Wash! Your! Hands! Wash them for at least 20 seconds each time. Wash them before you prepare food, eat, after using the bathroom, after you cough or sneeze, and if you are caring for sick people. If you don’t have soap and water, use a sanitizer with at least 60% alcohol.
Do not touch your eyes, nose and mouth.
Cover your cough or sneeze with your elbow, or cough/sneeze into a tissue and throw it in the trash.
Clean frequently touched objects and surfaces with a disinfecting spray or wipe. Clean your phone!
4. Stay Home If You Are Sick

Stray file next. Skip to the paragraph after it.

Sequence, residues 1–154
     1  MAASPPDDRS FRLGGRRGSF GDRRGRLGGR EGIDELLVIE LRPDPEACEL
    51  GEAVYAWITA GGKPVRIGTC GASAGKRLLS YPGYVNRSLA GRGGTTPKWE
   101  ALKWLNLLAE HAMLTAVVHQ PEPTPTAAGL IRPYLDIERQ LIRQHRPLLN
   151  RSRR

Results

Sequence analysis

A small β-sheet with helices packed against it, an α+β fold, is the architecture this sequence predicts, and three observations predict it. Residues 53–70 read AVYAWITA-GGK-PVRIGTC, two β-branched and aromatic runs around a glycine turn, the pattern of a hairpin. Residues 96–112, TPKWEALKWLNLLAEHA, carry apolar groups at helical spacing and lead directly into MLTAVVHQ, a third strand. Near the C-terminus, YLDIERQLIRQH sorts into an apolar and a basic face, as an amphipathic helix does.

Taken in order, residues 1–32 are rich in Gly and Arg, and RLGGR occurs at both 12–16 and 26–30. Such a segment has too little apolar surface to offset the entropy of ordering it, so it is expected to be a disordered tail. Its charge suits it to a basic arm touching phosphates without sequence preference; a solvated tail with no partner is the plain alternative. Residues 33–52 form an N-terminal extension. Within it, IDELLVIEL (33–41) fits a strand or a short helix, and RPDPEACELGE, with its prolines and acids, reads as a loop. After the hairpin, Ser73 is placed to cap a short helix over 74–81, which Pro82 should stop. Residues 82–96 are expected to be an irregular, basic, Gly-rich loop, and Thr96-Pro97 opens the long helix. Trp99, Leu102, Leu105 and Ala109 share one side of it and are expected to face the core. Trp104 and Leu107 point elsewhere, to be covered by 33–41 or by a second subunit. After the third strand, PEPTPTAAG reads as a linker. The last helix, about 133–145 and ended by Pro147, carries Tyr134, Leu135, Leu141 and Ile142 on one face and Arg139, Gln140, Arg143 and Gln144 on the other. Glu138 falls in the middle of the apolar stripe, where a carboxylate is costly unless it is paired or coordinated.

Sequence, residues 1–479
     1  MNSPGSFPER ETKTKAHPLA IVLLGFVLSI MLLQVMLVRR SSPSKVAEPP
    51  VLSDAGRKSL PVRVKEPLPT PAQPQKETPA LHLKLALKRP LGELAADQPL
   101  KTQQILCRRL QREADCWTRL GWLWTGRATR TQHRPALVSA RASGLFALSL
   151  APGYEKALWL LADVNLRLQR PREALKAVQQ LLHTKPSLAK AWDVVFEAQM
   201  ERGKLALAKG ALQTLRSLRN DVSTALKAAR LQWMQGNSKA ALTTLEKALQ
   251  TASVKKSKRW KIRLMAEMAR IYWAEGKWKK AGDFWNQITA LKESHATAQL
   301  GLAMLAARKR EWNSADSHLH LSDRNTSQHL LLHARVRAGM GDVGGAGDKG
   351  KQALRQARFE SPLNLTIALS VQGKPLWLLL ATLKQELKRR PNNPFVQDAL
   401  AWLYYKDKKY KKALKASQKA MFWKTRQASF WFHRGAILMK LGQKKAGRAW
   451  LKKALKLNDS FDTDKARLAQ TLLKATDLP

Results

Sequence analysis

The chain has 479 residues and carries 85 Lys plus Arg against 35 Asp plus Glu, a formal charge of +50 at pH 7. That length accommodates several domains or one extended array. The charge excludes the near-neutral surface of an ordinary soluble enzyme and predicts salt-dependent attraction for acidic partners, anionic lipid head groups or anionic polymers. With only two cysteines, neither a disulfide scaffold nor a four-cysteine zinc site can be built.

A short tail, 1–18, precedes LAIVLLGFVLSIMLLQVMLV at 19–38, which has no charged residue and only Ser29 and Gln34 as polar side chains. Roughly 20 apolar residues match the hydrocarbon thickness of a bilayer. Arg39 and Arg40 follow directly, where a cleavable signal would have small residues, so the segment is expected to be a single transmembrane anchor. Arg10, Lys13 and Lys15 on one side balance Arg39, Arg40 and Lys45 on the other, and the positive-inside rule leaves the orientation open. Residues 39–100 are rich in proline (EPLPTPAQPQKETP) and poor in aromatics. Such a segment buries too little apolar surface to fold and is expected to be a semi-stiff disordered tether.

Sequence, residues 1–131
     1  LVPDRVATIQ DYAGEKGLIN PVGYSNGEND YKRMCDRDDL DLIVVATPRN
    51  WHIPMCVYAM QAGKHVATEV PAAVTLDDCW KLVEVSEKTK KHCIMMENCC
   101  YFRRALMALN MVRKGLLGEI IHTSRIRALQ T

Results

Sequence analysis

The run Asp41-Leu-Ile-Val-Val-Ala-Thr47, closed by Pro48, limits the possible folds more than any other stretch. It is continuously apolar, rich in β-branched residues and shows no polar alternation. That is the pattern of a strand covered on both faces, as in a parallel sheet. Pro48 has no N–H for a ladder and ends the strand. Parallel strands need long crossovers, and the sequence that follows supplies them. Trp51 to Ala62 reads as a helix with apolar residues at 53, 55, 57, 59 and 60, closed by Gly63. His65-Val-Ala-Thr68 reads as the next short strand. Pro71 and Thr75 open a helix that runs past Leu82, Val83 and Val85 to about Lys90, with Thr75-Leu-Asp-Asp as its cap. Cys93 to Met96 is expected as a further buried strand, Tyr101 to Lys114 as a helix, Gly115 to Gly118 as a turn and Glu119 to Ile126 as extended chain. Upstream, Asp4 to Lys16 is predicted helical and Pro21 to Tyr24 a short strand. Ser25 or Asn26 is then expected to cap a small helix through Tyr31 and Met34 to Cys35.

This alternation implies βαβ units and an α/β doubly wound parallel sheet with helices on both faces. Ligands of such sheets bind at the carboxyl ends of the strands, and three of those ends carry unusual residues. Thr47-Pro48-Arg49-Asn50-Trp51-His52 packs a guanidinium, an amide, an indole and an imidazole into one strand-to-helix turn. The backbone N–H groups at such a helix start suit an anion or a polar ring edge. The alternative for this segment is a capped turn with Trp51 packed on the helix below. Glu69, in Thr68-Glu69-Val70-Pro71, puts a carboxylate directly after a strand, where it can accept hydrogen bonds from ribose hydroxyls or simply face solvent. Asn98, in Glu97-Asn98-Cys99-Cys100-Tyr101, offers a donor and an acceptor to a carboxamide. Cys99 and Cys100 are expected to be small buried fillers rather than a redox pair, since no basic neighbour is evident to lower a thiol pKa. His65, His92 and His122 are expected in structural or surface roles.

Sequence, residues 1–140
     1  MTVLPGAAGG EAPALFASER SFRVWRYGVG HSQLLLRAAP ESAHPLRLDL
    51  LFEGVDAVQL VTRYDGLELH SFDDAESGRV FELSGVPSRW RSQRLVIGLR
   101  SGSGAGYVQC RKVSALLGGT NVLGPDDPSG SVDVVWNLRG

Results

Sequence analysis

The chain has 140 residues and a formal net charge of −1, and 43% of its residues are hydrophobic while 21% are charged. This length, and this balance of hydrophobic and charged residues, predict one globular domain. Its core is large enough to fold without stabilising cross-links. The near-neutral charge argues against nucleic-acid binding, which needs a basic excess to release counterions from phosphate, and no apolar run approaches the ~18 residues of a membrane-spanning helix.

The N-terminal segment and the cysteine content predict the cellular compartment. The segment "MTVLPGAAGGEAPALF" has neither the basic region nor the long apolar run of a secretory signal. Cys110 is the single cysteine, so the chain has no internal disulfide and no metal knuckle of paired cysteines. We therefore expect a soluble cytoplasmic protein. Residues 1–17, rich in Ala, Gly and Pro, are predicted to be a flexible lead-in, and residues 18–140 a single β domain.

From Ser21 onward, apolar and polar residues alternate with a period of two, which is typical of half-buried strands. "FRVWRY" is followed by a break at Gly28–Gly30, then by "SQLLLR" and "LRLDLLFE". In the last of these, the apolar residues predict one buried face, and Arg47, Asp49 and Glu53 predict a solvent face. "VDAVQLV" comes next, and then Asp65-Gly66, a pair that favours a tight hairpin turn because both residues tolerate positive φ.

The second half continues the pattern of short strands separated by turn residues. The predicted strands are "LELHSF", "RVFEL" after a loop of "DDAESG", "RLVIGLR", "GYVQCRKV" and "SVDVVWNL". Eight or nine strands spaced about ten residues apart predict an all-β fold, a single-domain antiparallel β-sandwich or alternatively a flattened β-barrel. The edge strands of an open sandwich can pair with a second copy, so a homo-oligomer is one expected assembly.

And if you are asked to quarantine, or are looking after someone in quarantine, use dedicated towels, utensils, bedding, washroom (if possible), to avoid contaminating the household and to protect others. Use gloves and a mask when cleaning up after an infected person. Wash linens in hot water and avoid leaving objects that have “viral droplets” lying around. The virus can survive on inanimate surfaces for potentially several days. (There is specific information on the Public Health Website for how to manage home quarantining.)
5. Diagnosing And Managing COVID-19
(Coronavirus infections are diagnosed by a healthcare provider based on symptoms and may be confirmed through laboratory tests.)
Are you back from a trip outside Canada?
You are asked to self-isolate for 14 days, as per Government of Canada (see self-isolation instructions). Even if you develop mild symptoms, it’s unlikely you need to be tested because self-isolation is enough to protect others.